The team of Maddie Burroughs, Lisa Duan, Kalliope Kobotis and Ana Vuckovic earned Finalist and will advance to IM2C this spring. 

The team of Dominick Bogdan, Kyle Kenmotsu, Liam Perrault and Hassam Uddin earned Meritorious and they also will advance to IM2C.

Future Vikings

Future Vikings Art Show

Future VikingsYou recently saw releases for our immensely talented art students. Did you know that North has an annual Future Vikings Art Show with the sender schools? This year, junior high art teachers put together videos celebrating their students and programs. Please take a look to see the work of future students whose creations will grace our buildings, and perhaps, galleries and museums.

Bill MacBeth from McCracken:

https://drive.google.com/file/d/1NiEaYFPvyKRP52d68A0y5n8Yf4z9xzQb/view?ts=600a1f4d

Dana Wade-Kuzwayo from East Prairie:

https://drive.google.com/file/d/1GYQ6JyovjyifrgD_E1BwcR3eWln4s6zB/view

Those Who Make a Difference

Those Who Make A Difference Award Winners

NILES WEST’S EMMANUELLA ANYANWOKE, OMAR ALEBIOSU AND NILES NORTH’S 

CJ HOOD-WEBB HAILED FOR MAKING A DIFFERENCE

Niles West sophomore Emmanuella Anyanwoke, Niles West Physical Welfare Director Omar Alebiosu and Niles North freshman Corban (CJ) Hood-Webb were in the spotlight February 9, when the Niles Township High School District 219 Board of Education honored them with its Those Who Make A Difference Award.

  Emmanuella West student

Niles West Principal Karen Ritter recognized Anyanwoke and Alebiosu for organizing D219’s first-ever Black Teen Summit, which will be held on February 24 as a culmination to the district’s celebration of Black History Month. 

“Emmanuella came to Niles West two 2 years ago from Nigeria to our EL (English Learners) program,” Ritter said. “She is modest and reserved, and when I asked her about her involvement in planning the Black Teen Summit, she said, ‘Oh, you know, I attended some meetings and gave some ideas,’ but when I talked to Omar Alebiosu, he said she is an amazing student who provides valuable insight into the Black teen experience, and when Emmanuella talks, people listen.”

“Emmanuella received the Niles West Principal’s Recognition Award last year. She considers herself an introvert, and she thanks her teachers, Ms. (Science teacher Poonam) Patel and Ms. (ELL teacher Jennifer) Meyer for helping her break out of her shell, and we are so glad she did. We are seeing the magnificent contributions that Emmanuella has already made at Niles West and we are excited to see what she will continue to do. When I asked Emmanuella what she was looking forward to most at the Black Teen Summit, she said she is most excited to see the event’s keynote speaker, none other than our very own Ms. April Stallworth! Because we all know when April talks, people listen!”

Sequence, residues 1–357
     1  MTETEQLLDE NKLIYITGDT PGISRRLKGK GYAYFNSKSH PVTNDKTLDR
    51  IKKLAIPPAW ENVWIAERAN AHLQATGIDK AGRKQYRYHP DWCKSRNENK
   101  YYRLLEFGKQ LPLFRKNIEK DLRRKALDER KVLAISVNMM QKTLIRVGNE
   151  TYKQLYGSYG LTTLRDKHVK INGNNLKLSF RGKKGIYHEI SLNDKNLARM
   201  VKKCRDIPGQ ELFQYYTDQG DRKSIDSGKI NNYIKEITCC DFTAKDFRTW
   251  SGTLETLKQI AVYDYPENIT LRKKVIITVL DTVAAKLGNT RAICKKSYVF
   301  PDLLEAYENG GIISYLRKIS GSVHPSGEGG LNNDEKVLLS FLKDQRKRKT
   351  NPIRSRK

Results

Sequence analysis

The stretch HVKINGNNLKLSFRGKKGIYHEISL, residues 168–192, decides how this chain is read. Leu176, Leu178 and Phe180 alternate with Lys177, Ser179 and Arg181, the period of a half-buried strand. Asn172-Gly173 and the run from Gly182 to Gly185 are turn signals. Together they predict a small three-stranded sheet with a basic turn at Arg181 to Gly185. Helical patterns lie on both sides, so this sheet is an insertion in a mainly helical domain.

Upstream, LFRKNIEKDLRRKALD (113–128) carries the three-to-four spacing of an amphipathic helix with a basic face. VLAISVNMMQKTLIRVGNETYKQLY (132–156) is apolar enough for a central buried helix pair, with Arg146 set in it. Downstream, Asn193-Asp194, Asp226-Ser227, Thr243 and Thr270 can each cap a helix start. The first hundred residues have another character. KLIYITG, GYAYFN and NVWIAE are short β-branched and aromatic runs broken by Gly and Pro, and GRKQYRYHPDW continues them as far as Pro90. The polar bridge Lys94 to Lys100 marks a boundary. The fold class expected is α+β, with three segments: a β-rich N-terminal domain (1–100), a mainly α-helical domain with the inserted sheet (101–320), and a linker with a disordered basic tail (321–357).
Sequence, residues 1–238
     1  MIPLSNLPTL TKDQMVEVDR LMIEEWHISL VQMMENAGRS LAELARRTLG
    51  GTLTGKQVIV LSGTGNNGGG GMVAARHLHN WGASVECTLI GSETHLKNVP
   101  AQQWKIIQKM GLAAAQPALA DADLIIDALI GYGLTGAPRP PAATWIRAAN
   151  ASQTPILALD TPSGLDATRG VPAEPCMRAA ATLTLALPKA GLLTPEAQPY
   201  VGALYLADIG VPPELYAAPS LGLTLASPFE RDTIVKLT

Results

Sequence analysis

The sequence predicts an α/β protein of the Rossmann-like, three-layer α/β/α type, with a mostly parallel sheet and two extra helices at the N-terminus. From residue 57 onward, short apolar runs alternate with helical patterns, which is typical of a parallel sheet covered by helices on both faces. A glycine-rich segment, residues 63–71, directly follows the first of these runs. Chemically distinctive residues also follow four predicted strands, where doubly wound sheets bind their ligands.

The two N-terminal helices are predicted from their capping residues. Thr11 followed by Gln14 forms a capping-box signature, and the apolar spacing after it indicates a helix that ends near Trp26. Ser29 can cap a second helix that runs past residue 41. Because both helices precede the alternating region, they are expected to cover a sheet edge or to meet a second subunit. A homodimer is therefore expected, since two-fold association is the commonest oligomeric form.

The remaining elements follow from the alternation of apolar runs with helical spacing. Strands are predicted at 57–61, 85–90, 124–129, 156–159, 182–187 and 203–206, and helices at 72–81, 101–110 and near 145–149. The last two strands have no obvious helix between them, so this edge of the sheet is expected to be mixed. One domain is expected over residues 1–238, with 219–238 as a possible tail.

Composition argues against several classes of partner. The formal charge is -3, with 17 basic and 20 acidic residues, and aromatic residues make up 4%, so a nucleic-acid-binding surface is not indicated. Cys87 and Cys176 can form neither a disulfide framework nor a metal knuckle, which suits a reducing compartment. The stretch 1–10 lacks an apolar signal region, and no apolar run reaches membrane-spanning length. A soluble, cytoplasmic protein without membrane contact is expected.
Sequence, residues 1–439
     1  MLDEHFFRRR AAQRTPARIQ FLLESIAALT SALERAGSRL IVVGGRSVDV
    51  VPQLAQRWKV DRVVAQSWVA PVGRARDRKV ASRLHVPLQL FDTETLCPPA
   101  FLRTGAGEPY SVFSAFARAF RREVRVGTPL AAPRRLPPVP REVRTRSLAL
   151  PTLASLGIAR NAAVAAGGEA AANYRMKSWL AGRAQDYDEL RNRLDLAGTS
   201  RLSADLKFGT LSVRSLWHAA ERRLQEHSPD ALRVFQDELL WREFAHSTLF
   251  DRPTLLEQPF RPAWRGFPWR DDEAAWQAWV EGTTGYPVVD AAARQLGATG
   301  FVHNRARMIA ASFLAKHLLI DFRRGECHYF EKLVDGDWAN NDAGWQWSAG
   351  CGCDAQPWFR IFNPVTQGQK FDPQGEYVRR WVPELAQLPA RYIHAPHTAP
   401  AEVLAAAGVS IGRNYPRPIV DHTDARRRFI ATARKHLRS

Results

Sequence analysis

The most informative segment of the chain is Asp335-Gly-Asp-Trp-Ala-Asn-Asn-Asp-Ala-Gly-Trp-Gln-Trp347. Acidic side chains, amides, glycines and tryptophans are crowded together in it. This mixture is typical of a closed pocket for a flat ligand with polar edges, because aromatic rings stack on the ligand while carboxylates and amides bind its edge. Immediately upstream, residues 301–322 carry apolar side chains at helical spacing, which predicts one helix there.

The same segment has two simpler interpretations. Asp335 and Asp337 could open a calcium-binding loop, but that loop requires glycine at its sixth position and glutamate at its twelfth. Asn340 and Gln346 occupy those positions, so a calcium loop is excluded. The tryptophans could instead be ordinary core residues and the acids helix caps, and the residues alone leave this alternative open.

(April Stallworth is Executive Assistant to Superintendent Steven Isoye and Recording Secretary for the Board of Education.)

Niles West Director

“Another key person in organizing the inaugural Black Teen Summit at D219 is Physical Welfare Director, Mr. Omar Alebiosu,” Ritter said. “Omar, too, is very modest about the work he’s done, and he wanted to point out all of the help and support he received from his colleagues in the district who helped put this event together, like Carl Alexander, Deitrick Mitchell, Jason Stanford, Dillin Randolph, Larry English, Steve Parnther, Justin Johnson, Anita Baker, Carla Green, April Stallworth, Oyin Idowu, Adebola Adeniyi, Katie Odell, Caroline Benjamin, and Kia Pickett. 

“This planning committee made up of teachers, staff, administrators, and students like Emmanuella have been meeting, planning, sharing ideas, and collaborating to bring this event to life this year,” Ritter said. “There is such diversity within the Black community, and this is a day to celebrate those who identify as Black, African-American, Afro-Carribean, and Afro-Latino and for them to come together in unity and community. Planning any community event is a huge undertaking, and to do this remotely is even more challenging. Thank you to everyone involved in the planning of this event. 

“Emmanuella and Mr. Alebiosu have the same objective for the Black Teen Summit, which is to organize an event that will make our Black community feel welcomed, feel uplifted, and feel celebrated. While this will be a day of celebration, the uplifting and supporting of our Black community should not happen only on that day and should not happen only within the Black community,” Ritter said. “We all need to do a better job of lifting up and supporting our Black staff and students. Thank you Emanuella Anyanwoke and Omar Alebiosu for making a difference for so many in our D219 community. You are role models for all of us, and we can all follow your lead in supporting our D219 community.”

Niles North Principal James Edwards honored Corban (CJ) Hood-Webb for the leadership he has shown to his classmates during remote learning.

CJ